Sunday, 1 May 2016

V. by Thomas Pynchon

V. is the debut novel by Thomas Pynchon, first published in 1963.

As usual with Pynchon, the plot is complex to the point of confusion. The main plot is about Herbert Stencil, who is on a search for V, which is an abbreviation for something or someone, probably a woman. Stencil learned about V from his dead father, Sidney Stencil's notebooks. V appears in various places at various time periods, including Egypt in 1898, Florence in 1899, Paris in 1913, Southwest Africa in 1922, and several times in Valletta, Malta.

The novel also has sections which are heavily influenced by the Beat generation and describe the adventures of a group of bohemians called "The Whole Sick Crew" in 1950s New York. These center around a drifter called Benny Profane.

Despite this being a debut novel, in V. we met Pynchon fully formed, coming seemingly directly from the head of Zeus. Here we all of Pynchon's trademarks such as his absurdist humour, his labyrinthine plots, weird names (such as Rachel Owlglass or Kurt Mondaugen) or his musical prose. He blends together high and low culture, with V. having elements of the detective, science fiction, adventure and spy genres.

The meaning of the novel is, as always with Pynchon, obscure. He never answers the central question of the book: what does V. stand for? With each page, the answer seems to change. V might very well stand for Valletta, Venezuela, Botticelli's Venus or even a fictional place called Vheissu.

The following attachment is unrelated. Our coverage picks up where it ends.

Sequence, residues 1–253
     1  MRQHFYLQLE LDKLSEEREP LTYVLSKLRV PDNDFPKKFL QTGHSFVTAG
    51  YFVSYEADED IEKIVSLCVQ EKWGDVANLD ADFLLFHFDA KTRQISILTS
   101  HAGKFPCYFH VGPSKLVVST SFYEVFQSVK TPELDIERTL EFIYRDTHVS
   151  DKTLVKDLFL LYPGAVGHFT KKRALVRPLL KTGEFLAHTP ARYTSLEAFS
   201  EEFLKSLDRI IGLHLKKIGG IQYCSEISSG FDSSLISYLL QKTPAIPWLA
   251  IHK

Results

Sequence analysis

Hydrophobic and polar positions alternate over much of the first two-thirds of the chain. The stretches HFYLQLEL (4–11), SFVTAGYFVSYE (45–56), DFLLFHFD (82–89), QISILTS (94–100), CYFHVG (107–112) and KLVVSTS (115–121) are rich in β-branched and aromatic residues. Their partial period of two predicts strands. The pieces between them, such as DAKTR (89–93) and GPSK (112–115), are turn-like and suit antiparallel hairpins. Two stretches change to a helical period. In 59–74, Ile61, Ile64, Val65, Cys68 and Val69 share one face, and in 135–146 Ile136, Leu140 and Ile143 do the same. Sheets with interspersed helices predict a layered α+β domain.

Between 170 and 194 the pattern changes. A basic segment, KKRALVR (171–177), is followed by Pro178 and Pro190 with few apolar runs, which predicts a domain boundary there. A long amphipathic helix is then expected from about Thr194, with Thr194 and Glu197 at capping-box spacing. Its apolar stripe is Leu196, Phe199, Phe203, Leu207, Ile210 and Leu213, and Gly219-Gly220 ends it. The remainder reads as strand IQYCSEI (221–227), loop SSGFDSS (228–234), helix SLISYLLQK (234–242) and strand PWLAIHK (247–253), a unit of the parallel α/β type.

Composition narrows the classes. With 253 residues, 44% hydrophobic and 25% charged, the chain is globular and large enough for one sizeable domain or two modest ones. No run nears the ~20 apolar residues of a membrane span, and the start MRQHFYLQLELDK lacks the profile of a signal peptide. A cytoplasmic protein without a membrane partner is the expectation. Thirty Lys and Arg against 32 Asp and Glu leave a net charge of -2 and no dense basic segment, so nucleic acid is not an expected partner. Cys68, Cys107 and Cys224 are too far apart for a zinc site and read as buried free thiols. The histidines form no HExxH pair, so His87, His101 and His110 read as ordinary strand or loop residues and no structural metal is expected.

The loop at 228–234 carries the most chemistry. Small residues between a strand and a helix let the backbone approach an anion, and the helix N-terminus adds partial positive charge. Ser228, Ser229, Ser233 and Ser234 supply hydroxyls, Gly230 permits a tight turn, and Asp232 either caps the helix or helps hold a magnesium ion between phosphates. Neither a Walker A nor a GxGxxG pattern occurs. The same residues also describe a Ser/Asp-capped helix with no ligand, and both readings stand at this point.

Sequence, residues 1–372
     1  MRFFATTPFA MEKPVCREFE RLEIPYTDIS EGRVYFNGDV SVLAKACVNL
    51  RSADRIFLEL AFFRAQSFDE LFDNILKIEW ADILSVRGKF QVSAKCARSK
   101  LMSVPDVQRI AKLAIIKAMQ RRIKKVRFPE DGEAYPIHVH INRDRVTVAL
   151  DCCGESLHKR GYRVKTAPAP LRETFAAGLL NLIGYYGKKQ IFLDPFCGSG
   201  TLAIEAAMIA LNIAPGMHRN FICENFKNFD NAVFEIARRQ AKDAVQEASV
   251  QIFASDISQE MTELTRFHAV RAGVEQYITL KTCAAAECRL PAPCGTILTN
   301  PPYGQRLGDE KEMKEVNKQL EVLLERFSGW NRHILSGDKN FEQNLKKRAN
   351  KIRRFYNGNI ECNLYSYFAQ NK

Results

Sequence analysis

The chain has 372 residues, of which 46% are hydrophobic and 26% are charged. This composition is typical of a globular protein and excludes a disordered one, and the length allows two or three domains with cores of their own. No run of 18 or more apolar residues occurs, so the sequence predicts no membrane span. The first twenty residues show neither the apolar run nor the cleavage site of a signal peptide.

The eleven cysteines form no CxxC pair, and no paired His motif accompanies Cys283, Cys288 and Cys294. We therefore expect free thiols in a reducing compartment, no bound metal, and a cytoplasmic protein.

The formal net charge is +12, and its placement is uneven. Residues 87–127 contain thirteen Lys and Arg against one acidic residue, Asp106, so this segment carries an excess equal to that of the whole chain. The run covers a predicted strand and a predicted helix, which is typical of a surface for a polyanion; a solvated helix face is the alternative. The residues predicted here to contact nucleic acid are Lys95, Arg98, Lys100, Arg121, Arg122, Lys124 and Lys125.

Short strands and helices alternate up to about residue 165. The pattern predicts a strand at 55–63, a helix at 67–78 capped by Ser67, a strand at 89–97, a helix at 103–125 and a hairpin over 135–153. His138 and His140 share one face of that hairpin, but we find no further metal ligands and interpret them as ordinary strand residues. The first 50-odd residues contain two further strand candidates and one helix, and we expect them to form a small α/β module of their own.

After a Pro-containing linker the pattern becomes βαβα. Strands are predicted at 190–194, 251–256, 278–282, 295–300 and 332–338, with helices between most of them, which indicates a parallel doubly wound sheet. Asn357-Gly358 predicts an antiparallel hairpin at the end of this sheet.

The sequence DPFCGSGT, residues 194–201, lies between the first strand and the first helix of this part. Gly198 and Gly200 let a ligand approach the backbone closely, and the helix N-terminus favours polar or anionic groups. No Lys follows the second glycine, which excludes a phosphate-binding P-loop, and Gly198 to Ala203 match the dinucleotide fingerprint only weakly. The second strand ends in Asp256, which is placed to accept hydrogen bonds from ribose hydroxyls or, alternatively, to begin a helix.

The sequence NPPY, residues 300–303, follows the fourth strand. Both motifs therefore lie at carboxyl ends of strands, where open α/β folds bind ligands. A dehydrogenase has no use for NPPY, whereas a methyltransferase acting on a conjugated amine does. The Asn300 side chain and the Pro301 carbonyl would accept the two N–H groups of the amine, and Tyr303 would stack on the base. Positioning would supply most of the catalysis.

In the end, the most probable answer seems to be that V., at least the one mentioned in the notebooks, is a woman, with many names, but which all begin with V, such as Victoria Wren, Vera Meroving and Veronica Manganese. It's possible that she is Stencil's mother.

As said, she appears in various places at various times. The common denominator between these episodes seems to be that they are times of violence and crisis. Does she cause them in some way? Is  she somehow connected to the horrors of modern Western civilization, such as war, imperialism and genocide?

Again, the question is: what does V stand for? Maybe there are several answers, or none at all. It's possible that Stencil's search for V. is meaningless and ultimately is just one of mankind's attempts to give meaning and order to a chaotic universe, the futility of which is a theme also explored by Pynchon in his later books.

The novel also ask the big existential questions, that were so popular in the post-war era when the novel was written. It's made explicit that the search of V. is Stencil's way of giving meaning and purpose to an otherwise aimless life. It's his sisyphean task. The purposeless, drifting lives of Benny Profane and the Whole Sick Crew are of course also related to his existentialist musings.

But even if V. remains a mystery, it is an entertaining one. Even if you are not up to solving it's puzzles, one can always be swept along by Pynchon's humour or his prose. One can't help but be impressed that this is the work of someone who was only 26 years old.

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